Table 3. Core Consistency analysis of PARAFAC model for tensor T.

We used the component matrix corresponding to the locus link mode for a 12-factor PARAFAC model to analyze the locus link numbers. A scatter plot of locus link numbers projected on the first two locus link component vectors in shown in Figure 8.

thumbnailFigure 8. Projection of data into 2 dimensions obtained from the first two component of locus link mode by PARAFAC analysis.

Visual inspection shows that similar to Tucker3 analysis, there is a concentration of a large number of locus link numbers and then there are a small number of outliers.

Clustering on locus link mode

We used a k-means clustering algorithm with 100 repeated runs to divide the locus links into two clusters (i.e., k = 2) to identify the outliers from the rest. In order to resolve disagreements between different runs, we computed a majority function by calculating the number of occurrences of a particular clustering and then picking the maximum number of occurrences.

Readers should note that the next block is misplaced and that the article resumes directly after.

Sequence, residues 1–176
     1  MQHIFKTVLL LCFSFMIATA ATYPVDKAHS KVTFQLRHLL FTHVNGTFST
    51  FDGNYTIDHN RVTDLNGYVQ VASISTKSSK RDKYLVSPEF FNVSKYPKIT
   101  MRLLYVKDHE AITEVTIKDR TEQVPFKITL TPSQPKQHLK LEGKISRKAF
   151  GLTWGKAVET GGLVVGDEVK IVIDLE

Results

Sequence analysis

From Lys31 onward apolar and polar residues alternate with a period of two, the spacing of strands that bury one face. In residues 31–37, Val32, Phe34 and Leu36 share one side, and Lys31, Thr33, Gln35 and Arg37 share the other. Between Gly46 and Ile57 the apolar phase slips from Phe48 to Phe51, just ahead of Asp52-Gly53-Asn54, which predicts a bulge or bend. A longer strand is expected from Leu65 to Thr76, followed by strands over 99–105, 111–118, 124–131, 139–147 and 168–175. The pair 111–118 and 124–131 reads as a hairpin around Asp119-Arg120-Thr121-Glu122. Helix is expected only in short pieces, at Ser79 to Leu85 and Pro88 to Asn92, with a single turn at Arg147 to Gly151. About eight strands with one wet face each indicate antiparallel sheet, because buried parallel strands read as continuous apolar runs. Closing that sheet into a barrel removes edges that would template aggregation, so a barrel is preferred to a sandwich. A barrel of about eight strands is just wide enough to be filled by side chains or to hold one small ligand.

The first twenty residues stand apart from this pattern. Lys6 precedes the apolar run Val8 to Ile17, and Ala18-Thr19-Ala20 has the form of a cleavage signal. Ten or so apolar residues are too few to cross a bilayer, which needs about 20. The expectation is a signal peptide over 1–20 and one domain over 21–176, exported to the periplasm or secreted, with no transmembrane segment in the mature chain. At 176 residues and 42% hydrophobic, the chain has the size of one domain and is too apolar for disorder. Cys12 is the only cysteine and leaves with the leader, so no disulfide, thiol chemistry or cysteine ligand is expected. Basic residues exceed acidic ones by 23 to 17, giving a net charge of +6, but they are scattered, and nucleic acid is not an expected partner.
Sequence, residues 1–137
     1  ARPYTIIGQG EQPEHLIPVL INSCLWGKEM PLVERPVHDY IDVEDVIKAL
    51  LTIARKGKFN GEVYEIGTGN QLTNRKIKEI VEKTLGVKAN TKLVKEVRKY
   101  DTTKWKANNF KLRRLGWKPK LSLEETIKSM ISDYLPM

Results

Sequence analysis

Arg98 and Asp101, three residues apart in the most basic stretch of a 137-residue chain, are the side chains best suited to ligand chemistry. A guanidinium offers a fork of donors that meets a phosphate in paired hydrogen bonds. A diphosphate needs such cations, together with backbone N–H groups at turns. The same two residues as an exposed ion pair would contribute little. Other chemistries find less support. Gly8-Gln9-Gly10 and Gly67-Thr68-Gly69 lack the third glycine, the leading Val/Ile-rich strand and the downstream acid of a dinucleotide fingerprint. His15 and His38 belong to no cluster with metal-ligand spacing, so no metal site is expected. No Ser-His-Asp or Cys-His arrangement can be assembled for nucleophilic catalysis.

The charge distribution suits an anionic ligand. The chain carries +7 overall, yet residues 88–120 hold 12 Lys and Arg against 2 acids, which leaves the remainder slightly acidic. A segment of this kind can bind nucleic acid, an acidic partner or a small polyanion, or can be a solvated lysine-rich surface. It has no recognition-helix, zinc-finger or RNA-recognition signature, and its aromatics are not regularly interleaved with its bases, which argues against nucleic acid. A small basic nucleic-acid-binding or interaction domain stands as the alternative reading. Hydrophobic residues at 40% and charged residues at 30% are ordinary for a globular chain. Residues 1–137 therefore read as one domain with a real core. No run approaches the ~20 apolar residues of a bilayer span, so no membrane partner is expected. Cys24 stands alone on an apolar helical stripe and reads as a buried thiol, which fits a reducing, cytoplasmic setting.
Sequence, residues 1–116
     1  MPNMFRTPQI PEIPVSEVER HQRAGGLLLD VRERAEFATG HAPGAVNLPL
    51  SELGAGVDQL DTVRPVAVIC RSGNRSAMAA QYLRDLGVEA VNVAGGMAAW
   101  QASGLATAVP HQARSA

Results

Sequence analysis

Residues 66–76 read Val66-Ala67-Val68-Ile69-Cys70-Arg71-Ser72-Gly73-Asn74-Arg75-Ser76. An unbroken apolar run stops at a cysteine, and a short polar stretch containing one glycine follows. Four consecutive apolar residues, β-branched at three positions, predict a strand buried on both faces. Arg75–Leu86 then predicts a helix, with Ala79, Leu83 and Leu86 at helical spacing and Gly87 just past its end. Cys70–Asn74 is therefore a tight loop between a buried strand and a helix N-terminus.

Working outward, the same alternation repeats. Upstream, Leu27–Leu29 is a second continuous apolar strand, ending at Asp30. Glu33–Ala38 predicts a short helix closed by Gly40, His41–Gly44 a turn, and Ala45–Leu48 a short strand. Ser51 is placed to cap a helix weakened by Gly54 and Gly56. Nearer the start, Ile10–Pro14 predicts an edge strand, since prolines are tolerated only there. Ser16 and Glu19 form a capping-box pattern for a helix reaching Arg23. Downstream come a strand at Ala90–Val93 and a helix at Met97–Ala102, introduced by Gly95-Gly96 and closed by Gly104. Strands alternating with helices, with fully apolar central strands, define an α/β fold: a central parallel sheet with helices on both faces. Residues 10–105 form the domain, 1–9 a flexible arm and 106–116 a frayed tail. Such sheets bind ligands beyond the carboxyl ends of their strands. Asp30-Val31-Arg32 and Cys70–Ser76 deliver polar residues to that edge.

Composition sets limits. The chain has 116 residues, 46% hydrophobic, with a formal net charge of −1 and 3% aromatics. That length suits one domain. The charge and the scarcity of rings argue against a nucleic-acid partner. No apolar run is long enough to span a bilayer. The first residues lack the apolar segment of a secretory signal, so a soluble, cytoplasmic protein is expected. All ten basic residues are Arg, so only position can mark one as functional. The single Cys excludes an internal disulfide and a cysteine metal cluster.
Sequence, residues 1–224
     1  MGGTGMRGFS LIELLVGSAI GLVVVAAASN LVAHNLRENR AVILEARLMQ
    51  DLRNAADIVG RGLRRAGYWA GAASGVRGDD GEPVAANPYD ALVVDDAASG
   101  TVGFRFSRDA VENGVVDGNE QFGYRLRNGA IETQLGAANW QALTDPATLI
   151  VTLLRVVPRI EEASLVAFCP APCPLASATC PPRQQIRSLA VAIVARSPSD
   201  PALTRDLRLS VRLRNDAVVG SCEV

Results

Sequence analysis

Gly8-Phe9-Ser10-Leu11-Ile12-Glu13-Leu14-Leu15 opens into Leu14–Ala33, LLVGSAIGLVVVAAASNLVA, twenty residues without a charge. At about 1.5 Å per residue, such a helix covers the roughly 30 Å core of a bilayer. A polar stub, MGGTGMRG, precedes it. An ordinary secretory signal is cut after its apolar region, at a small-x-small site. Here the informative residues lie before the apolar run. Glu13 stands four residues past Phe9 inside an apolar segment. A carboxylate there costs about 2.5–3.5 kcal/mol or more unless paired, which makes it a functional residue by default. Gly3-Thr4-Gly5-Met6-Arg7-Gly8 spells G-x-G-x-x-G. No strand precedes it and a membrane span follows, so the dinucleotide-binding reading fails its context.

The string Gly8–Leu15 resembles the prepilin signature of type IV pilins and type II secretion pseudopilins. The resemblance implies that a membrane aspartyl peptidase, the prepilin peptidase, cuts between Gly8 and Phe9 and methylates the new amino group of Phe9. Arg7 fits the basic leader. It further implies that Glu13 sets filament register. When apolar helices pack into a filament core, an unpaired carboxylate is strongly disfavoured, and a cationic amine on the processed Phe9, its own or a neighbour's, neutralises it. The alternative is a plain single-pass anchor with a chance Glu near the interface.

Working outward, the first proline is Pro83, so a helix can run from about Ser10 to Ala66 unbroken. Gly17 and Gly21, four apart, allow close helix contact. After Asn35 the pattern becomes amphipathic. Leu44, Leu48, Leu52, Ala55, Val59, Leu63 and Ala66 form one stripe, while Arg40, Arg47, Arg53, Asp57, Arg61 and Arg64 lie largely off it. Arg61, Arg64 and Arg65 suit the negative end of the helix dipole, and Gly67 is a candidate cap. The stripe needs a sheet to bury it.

First we input the 69 vectors to a k-means algorithm and obtained one cluster with 8 locus link numbers representing the candidate outliers while the rest of the locus links numbers were assigned to the larger cluster. However, k-means algorithm had difficulty to converge on the same cluster assignments for 69 vectors. Thus, we had to cluster in a lower dimension to obtain stability by trading off explained variance: (i) using only the top 12 singular vectors we obtained a cluster with 9 locus links in it that subsumed the first one computed over 69 vectors but clusters were not stable; (ii) inputting only the top 2 singular vectors we obtained very stable clusters that differed contained 17 locus link and subsumed all the elements from the 69 and 12 vector clustering. The summary of k-means algorithms for all three techniques is shown by a Venn diagram in Figure 9.